2.3. Selection of Transport Quick Wins for LICs

From March to July 2016, a six-step process (see [15]) was undertaken to develop a list of QWs. An email invitation was sent to more than 100 international organisations working on sustainable transport and resulted in the compilation of a long list of over 100 measures. Through grouping and balancing measures across themes, modes and world regions, the list was reduced to approximately 40 options. These measures were further evaluated against sustainable development benefits, implementation barriers and coverage of ‘Avoid-Shift-Improve’ measures, and both passenger and freight transport. Expert feedback was received on the remaining 23 measures while an on-line survey of more than 100 stakeholders provided feedback on the definition and feasibility of the QWs. Finally, a more detailed assessment against the following criteria provided a final list of 10 QWs specifically for the purpose and context of the analysis:
  • Sustainable development benefits, such as air quality and improved accessibility;
  • Applicability in DFID priority countries that reflect policy needs of the local transport system context;
  • Climate change mitigation potential; and
  • Passenger and freight including avoid-shift-improve options.
The final 10 QWs for this analysis are:
  • Accelerate phase-out of fossil fuel subsidies;
  • Formulate Sustainable Urban Mobility Plans (SUMPs) in primary and secondary cities, supported by a National Urban Mobility Policy or programme;
  • Promote electric two- and three wheelers, including e-vehicle sharing systems in primary and secondary cities as well as rural areas, for both passenger mobility as well as last-mile urban freight;
  • Limit import of inefficient and polluting secondhand trucks;
  • Implement (ultra-) low emission zones, including car-free zones in city centres;
  • Introduce and scale up pricing for car-related travel options (e.g., congestion/road charging, parking pricing, workplace parking levy) in primary and secondary cities;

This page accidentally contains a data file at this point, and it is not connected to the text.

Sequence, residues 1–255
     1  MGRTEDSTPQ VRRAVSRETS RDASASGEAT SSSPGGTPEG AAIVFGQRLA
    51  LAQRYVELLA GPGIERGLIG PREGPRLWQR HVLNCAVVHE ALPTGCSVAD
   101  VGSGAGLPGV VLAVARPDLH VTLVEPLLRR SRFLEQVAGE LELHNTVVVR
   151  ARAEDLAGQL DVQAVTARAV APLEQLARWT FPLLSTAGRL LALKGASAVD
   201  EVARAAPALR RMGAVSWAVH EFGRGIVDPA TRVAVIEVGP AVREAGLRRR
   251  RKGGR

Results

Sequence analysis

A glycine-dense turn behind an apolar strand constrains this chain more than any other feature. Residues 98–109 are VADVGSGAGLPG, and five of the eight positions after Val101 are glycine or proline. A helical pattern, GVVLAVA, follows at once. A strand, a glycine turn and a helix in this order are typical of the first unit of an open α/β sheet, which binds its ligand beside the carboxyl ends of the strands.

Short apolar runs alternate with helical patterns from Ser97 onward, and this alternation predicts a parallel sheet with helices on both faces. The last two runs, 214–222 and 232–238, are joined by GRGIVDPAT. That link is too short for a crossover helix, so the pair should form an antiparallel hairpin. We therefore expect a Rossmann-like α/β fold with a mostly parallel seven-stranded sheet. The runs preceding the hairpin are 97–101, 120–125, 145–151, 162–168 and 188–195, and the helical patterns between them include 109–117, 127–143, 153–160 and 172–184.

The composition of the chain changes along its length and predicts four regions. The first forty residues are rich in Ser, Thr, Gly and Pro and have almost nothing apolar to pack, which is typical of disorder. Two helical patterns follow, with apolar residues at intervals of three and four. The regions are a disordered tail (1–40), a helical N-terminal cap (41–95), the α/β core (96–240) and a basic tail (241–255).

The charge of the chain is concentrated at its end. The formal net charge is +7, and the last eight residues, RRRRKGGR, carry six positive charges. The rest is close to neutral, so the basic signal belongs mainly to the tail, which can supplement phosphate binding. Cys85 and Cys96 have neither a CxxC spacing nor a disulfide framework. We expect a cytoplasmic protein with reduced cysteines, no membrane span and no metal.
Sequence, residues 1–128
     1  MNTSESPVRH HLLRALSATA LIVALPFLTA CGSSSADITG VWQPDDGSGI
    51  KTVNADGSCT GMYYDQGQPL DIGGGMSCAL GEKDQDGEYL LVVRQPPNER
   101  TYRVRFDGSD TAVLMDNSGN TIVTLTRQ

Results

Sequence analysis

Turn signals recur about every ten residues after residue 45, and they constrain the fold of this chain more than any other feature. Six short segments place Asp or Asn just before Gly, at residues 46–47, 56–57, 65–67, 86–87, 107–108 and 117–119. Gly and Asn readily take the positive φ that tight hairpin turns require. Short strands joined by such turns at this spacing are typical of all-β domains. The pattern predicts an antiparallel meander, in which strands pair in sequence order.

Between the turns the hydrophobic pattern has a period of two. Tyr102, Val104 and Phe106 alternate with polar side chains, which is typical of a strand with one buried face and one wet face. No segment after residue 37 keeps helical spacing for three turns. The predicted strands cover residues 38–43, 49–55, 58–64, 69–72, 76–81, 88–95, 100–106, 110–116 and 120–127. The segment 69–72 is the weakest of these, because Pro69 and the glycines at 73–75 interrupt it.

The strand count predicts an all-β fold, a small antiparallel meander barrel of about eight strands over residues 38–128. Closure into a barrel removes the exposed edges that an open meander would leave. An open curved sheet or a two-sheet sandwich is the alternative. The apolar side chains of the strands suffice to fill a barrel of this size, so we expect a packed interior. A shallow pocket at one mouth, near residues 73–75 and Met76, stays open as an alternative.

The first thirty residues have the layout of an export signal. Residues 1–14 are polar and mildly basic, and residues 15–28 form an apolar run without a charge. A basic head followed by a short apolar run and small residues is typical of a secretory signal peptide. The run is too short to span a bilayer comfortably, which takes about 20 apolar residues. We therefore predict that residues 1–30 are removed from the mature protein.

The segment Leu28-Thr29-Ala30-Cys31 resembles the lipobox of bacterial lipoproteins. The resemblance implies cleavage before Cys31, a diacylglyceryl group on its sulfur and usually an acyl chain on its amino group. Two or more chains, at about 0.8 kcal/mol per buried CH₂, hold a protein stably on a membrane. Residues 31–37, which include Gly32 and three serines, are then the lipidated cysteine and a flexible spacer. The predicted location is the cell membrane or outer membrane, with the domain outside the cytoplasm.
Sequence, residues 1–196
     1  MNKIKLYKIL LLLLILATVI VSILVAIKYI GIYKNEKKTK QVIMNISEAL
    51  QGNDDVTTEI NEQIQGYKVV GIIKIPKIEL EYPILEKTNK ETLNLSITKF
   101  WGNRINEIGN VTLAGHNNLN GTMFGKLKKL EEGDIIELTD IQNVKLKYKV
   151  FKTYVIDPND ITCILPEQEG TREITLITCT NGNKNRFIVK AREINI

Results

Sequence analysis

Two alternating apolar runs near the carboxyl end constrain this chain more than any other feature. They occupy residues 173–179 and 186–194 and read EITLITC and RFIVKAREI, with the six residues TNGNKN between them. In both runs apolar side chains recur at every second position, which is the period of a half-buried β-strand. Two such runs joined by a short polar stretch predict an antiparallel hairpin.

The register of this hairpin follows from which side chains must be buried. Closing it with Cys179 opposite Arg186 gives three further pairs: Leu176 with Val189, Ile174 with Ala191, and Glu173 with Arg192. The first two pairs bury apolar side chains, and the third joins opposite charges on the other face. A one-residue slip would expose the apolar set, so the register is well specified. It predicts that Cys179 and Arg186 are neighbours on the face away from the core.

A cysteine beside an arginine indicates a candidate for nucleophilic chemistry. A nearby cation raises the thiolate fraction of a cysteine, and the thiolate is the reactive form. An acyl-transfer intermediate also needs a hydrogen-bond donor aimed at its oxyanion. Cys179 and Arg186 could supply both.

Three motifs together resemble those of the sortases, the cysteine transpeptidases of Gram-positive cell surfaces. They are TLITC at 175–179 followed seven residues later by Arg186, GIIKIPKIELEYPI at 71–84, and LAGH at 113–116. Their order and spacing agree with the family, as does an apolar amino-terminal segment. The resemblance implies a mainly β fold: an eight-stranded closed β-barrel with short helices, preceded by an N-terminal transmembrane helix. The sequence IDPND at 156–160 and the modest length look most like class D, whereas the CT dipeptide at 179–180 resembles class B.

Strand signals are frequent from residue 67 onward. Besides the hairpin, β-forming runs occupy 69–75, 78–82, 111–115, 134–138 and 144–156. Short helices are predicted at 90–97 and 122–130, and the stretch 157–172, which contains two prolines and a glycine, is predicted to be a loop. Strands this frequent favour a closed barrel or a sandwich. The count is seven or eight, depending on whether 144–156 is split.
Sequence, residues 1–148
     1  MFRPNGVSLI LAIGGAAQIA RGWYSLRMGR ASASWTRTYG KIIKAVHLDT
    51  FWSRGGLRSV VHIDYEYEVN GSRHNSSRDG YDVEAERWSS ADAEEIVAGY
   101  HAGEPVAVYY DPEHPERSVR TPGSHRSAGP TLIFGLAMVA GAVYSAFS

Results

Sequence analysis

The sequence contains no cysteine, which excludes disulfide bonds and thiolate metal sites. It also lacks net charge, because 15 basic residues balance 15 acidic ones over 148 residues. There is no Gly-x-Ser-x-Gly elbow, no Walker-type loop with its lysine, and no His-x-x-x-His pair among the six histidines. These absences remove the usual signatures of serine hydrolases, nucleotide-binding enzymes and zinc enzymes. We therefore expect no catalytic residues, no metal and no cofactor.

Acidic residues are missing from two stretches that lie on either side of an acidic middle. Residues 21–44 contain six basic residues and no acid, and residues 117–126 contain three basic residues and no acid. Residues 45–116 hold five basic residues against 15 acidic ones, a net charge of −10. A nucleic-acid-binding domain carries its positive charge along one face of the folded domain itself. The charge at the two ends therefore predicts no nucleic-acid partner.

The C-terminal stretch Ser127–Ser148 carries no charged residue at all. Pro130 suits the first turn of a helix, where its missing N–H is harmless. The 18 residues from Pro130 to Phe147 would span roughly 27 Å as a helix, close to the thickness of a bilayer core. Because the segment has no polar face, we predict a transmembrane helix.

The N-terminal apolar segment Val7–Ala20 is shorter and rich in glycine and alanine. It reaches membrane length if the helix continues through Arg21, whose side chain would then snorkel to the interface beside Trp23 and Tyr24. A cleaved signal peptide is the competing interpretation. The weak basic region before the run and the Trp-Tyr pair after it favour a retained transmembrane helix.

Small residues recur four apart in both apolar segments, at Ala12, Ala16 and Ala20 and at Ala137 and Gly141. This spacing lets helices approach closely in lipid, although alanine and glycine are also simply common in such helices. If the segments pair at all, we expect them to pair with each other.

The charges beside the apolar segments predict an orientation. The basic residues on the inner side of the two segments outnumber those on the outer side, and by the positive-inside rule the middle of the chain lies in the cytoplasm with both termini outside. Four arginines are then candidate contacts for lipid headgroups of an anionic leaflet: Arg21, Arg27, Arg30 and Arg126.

• Tighten fuel economy standards for passenger cars, coupled with labelling schemes and fiscal incentives such as carbon dioxide (CO2) based vehicle taxation;
  • Provide and improve walking and cycling infrastructure (e.g., connected walking paths, protected cycle lanes, safe intersections), reallocating road space where necessary;
  • Improve freight efficiency (e.g., reduce empty load running by freight trucks) through route optimisation, asset sharing between companies, and increased use of information and communication technology (ICT) solutions;
  • Accelerate deployment of tighter diesel fuel quality standards to reduce emissions of black carbon (BC) and other short-lived climate pollutants.

2.4. Method for Quick Wins Assessment

Primary data for the QW assessment were collected from interviews and a questionnaire survey. From October to December 2018, semi-structured key informant interviews were undertaken with 23 experts from the nine countries (2–3 per country). Experts were from national and local transport government agencies, research institutions and implementing agencies. Among other questions, they were asked to rate each QW option on a scale from 1 to 5 on their appropriateness in the short to medium term for their country. Respondents were also able to suggest additional QWs.
From September to October 2018, a survey of low carbon, high volume transport knowledge and capacity in Africa and South Asia was undertaken of the stakeholder network of the Partnership for Sustainable, Low-carbon Transport. The online tool SurveyMonkey was used. The survey included qualitative and quantitative questions exploring how LCT knowledge is gained, how capacity is achieved, and how transport users and other affected parties are engaged. As part of one question in the survey, respondents were requested to rank the 10 QWs from 1 to 10 according to their appropriateness for the respondent’s country. The survey was sent to 816 experts and received 67 respondents with 49 completing the question on QWs. The 67 respondents were equally represented across government agencies, private sector, research institutions and implementing agencies. However, most of the respondents were from African countries.
Secondary data on QWs implementation, integration in climate plans and mitigation potential was collected from existing peer-reviewed and grey literature as well as technical reports, government plans and reports, and additional sources such as online media. See below for further details on this data collection process. The findings from the literature review were validated and elaborated by stakeholder interviews.

3. Results and Analysis Part 1: A Top-Down Climate Change Perspective on Transport Quick Wins

This section briefly discusses general literature on low-carbon transport in the nine focus countries and then looks at the mitigation potential of quick wins and to what extent these are present in climate strategies in the focus countries.

3.1. Mitigation Potential of Quick Wins